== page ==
Medical Device Daily Associate

GenVec (Gaithersburg, Maryland) reported the launch of a Phase IIb randomized, placebo-controlled trial of its BioBypass angiogen for the treatment of severe coronary artery disease.

The NOVA (NOGA Delivery of VEGF for Angina) trial will evaluate the effects of BioBypass on exercise tolerance, heart function, symptoms and quality of life in about 129 patients suffering from moderate to severe chest pain due to advanced coronary artery disease.

Jens Kastrup, MD, at Rigshospitalet (Copenhagen, Denmark), is the principal investigator for the NOVA trial. Two medical centers have begun enrollment, under the direction of Erik Jorgensen, MD, at Rigshospitalet, and Erik Botker, MD, at the Skejby Hospital (Aarhus, Denmark). The company said it expects about 15 centers in Europe and Israel to participate in the NOVA study.

BioBypass promotes production of GenVec's unique form of vascular endothelial growth factor (VEGF) to stimulate the growth of new blood vessels in areas of the heart lacking sufficient blood flow. This condition, known as ischemia, triggers chest pain in patients with severe coronary artery disease.

While technically a gene therapy, company president and CEO Paul Fischer said that BioBypass is more than that.

He told Medical Device Daily that the drug "is basically a DNA carrier," with the carrier being an adenovirus with the replication genes removed. Into that piece of DNA is placed the VEGF gene.

"It turns out that the heart muscle happens to have a lot of receptors on it that make delivery of this adenovector into the heart muscle very efficient," Fischer said. "Then the vector transiently expresses the VEGF gene in about two weeks." That in turn helps to generate the formation of new blood vessels in the target area, he said.

In an earlier Phase II randomized, controlled, multi-center trial known as the REVASC study, BioBypass was administered during surgery. The BioBypass-treated group showed significant clinical benefit, including an increased ability to exercise.

The NOVA trial is being conducted under a research collaboration between GenVec and the cardiology division of Cordis (Miami Lakes, Florida), a Johnson & Johnson (New Brunswick, New Jersey) subsidiary. BioBypass will be administered using the Cordis Noga technology with the Nogastar Mapping Catheter and Myostar Injection Catheter.

The Cordis technology facilitates 3-D mapping of the heart, identifies ischemic tissue and allows for precise drug delivery, Genvec said.

Fischer noted that while many companies have attempted to use gene therapy for cardiovascular applications they have failed particularly, he believes, for one primary reason: "The main thing is delivery," he said, adding that until the Cordis system came along the company was stuck on how to most efficiently deliver the drug into the myocardium.

"We think that the delivery question has always been the key question. You need to have the protein produced long enough in the heart to produce the blood vessels," he said.

Fischer said that the BioBypass product enjoyed a long and colorful history.

The deal to develop BioBypass was first initiated in 1997 by GenVec and Warner-Lambert (Morris Plains, New Jersey). Pfizer (New York) then inherited the GenVec deal when it acquired Warner-Lambert in 2000.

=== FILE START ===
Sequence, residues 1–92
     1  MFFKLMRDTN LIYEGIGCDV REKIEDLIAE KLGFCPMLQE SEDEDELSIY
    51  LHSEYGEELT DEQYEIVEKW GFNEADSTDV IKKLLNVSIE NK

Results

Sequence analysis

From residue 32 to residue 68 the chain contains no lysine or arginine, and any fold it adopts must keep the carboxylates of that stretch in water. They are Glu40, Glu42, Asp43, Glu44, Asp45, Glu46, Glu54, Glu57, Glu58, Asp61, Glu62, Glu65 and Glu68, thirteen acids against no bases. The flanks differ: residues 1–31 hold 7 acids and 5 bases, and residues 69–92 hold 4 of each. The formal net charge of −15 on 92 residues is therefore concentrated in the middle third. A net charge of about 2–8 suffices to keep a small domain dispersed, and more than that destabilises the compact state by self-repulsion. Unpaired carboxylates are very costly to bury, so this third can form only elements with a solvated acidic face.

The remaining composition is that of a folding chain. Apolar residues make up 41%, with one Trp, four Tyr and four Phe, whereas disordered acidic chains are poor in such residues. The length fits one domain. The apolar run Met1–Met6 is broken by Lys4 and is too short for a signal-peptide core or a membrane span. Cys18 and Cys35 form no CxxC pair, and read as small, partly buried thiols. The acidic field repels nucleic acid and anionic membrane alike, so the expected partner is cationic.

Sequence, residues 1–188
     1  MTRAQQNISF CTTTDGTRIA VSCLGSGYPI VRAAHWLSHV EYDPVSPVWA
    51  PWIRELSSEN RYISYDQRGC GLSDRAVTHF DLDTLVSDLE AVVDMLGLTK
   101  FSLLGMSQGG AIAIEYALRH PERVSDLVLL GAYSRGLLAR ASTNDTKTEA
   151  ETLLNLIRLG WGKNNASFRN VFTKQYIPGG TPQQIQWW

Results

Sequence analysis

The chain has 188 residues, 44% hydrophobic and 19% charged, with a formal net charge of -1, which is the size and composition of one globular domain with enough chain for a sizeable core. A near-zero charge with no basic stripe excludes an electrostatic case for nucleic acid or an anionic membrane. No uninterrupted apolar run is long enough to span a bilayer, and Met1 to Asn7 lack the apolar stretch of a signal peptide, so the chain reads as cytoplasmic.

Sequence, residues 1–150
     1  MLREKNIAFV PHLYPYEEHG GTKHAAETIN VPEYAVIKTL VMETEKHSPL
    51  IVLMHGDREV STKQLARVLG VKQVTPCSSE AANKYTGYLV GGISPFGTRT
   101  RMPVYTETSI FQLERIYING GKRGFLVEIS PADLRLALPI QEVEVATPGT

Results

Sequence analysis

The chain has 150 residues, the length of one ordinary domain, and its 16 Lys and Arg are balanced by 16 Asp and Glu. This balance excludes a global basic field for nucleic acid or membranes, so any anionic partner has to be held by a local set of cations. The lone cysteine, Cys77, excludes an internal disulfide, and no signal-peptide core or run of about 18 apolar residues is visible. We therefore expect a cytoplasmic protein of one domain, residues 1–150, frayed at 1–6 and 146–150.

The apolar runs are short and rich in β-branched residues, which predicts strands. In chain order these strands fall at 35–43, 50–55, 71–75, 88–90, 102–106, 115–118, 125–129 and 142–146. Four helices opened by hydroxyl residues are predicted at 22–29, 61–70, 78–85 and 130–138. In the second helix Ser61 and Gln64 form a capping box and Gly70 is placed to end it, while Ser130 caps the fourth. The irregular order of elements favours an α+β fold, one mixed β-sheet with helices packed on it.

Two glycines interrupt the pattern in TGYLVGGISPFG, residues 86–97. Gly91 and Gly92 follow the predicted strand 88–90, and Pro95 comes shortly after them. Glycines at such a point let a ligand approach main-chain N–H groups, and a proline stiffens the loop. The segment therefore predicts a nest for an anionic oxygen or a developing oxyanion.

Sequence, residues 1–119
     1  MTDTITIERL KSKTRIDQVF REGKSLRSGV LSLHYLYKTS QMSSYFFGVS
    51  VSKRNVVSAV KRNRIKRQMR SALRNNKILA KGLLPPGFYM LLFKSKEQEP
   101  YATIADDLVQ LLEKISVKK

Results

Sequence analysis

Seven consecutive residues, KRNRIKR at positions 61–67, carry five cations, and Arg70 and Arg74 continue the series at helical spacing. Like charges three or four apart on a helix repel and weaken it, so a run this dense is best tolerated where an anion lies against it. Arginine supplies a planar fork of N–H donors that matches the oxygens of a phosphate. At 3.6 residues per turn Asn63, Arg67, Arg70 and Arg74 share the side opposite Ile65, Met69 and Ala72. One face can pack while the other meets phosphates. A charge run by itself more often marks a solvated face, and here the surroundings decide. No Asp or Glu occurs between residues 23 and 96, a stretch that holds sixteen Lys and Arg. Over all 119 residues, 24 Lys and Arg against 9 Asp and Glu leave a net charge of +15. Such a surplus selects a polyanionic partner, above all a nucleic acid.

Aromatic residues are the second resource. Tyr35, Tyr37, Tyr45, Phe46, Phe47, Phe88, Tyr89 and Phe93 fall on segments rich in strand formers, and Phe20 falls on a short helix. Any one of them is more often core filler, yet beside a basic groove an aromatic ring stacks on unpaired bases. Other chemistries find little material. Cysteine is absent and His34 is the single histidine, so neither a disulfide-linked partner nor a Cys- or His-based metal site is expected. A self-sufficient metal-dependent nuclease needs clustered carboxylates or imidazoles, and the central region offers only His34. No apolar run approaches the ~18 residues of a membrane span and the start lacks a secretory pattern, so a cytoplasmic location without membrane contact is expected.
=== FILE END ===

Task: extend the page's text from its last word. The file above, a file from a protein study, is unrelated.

Since the start of the deal, Warner-Lambert/Pfizer had spent upwards of $90 million on development and other costs associated with BioBypass, Fischer said. "But based on continuous review of their product portfolio – including the products they acquired with Warner-Lambert – it was determined that BioBypass did not fit with their overall drug development strategy."

At the time that the product was dropped, the companies were in the midst of the REVASC Phase II trials, and there had been speculation that the results had not been efficacious enough to merit further support from Pfizer.

However, Fischer said that wasn't the case. Indeed, he noted that the results of the study, which injected BioBypass via a surgical procedure into the heart muscle, "were really quite good."

While the arrangement with Warner-Lambert had been a good one, Fischer said that the change was fortuitous for his company, as GenVec was able to retain all development and commercialization rights for the product and would not have to share any future royalties generated by BioBypass with its former partner.

After its partnership dissolution, GenVec decided that it needed a partner that had a medical device orientation.

Enter Cordis.

The companies partnered on a small study a couple of years ago on about 12 patients paring the Genvec's drug with the Cordis delivery system. "That actually looked to be very feasible," he said.

In January of 2004, the companies formed a partnership to more fully explore the potential of those early studies' promising results. With the idea being that if the promising early results are borne out, a joint commercial venture would probably be formed.

Patients in the NOVA study are what Fischer termed "no option."

While they do not have congestive heart failure, he said, they all have poor blood flow and have had one or more of the following: bypass grafts; multiple stent placements and maximum medical therapy.

Aside from these "no option" patients, Fischer envisions BioBypass being adjunctively administered to patients having a stent or bypass graft put in place into areas of the heart that cannot be revascularized.

Another group that he sees as even more attractive is made up of patients with angina and administered a dose of BioBypass either in anticipation of a subsequent surgical procedure or to avoid the need for a future surgery.

GenVec is also developing treatments for cancer and vision loss and vaccines for infectious diseases.